Chainsaw sharpening guide


Sharpening the saw chain is not more difficult than other cutting tool sharpening, but only if you have a set of special tools for sharpening it. Its tooth has a complex geometry. Chain element has two cutting edges – the upper edge and the side one. The second of which is chamfered at a predetermined angle to the line of motion of the chain, making this operation a bit trickier.

Is it time to sharpen my chain?

Tooth chain cuts wood like a shaving plane, and the chip thickness is defined by the height of depth gauge.
Intensive work with a saw leads to rapid dulling of chain. Within one day, it may require several sharpening procedures. The tooth quickly dulls when it meets the ground, which makes the situation worse. Touch the ground once or twice with the bar, and work should be stopped – chips become shallow, and saw doesn’t go into a wood any more. See pictures below to learn the difference between states of the tooth.

Chains Sharp Tooth

Sharp tooth

Chain dull tooth

Dull tooth

Chain broken tooth

Chainsaw tooth after a collision with a ground and a stone in it

The earlier dulled teeth is sharpened the less material needed to be removed for sharpening. As a consequence – the life of the chain becomes longer. It is simple enough to find out if the chain requires sharpening. A significant criterion is the pressure you apply to work. Properly sharpened chain is pulled into the cut even with a little effort. If a chainsaw work requires increasing pressure, the teeth are dull. Dull chain can also be easily recognized if you see fine sawdust instead of big and thick chips.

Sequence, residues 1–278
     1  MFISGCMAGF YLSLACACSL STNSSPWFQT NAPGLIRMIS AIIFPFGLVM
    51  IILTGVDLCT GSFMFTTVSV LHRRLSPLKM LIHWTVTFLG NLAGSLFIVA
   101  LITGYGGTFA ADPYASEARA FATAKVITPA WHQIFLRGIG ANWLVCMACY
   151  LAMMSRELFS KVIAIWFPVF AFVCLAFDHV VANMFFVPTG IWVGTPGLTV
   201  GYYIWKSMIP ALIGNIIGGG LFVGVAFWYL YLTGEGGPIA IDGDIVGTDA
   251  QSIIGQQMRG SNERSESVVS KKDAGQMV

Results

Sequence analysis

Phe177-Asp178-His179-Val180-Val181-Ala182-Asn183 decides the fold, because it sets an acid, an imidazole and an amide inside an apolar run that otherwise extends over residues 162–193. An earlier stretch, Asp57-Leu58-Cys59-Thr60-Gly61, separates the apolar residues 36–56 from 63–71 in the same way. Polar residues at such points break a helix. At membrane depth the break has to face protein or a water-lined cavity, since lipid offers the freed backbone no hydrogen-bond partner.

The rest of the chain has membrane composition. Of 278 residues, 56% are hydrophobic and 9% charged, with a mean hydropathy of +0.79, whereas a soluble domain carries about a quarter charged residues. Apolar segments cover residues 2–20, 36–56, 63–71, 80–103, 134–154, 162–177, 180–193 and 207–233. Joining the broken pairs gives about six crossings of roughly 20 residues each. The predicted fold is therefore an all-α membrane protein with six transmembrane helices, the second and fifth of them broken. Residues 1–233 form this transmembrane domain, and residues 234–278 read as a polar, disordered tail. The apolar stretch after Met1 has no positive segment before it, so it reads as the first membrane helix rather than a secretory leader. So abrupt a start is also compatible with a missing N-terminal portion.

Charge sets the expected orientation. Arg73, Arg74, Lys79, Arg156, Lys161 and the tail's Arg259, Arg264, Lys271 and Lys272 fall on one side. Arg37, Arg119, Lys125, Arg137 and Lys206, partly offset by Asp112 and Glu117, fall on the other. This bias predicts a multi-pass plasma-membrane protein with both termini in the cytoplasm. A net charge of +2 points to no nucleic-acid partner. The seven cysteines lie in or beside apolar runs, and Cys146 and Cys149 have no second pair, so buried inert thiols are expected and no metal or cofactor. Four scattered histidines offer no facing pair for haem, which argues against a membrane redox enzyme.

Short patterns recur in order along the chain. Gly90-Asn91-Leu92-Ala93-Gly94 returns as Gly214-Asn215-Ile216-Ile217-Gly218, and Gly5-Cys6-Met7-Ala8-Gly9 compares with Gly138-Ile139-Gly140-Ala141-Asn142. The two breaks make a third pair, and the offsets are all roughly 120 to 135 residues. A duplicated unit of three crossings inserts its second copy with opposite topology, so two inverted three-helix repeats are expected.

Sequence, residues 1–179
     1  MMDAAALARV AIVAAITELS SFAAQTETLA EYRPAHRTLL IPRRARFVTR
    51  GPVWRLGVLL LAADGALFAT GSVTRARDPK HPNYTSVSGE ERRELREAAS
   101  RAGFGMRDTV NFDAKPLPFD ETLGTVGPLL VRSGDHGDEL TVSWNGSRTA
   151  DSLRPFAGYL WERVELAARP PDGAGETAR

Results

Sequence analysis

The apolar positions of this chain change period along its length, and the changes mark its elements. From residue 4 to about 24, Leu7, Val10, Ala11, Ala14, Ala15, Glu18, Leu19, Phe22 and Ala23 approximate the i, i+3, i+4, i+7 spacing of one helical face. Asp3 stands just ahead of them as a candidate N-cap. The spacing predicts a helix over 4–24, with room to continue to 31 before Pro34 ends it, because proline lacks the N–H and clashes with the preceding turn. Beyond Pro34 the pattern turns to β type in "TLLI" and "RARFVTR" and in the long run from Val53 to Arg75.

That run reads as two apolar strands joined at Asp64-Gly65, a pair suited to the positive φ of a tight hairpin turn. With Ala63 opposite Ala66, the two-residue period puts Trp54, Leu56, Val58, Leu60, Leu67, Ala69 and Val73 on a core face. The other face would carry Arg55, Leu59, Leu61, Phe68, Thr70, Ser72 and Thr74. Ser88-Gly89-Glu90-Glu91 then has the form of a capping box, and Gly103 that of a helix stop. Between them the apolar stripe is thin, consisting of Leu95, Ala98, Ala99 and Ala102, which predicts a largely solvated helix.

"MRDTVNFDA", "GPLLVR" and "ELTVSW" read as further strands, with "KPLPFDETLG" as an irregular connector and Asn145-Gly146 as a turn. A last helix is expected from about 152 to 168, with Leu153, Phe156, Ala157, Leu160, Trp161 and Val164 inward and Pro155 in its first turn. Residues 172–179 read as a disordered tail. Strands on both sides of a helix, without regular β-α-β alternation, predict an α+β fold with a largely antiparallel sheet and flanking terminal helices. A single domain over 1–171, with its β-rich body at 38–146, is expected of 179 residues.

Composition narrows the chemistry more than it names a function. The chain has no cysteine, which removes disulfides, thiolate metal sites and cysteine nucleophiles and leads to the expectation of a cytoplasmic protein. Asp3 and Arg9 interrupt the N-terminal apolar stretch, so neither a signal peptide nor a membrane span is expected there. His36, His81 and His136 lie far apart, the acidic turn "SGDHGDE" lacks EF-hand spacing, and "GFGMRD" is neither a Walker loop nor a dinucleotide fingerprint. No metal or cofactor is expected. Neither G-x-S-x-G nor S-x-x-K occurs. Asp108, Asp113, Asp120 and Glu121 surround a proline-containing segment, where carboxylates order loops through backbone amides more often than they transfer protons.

Chips and Dust
Chips after working with a sharp and dull chain

In this situation, the chainsaw must be sharpened immediately. Do not to cut with a dull or faulty saw chain or you’ll get a strong tension in the body, a large cyclic loading, and poor cutting results as a consequence. Furthermore, this leads to poor performance, higher fuel consumption and increased wear on all the chainsaw gears.


Chain teeth parameters

Overall cutting link description

The cutting chain link consists of a basic toots body (1), top plate (2), the depth gauge (3). Tooth blade has a vertically oriented side plate cutting edge (4) and an angled back top plate cutting edge (5) that is oriented horizontally.

Chain Link

Cutting link

Upper rear angle

For optimal cutting properties, tooth blades have certain angles. The upper side of tooth blade is angled back by the upper rear angle of the blade. This angle is needed to make upper blade plunging into the wood.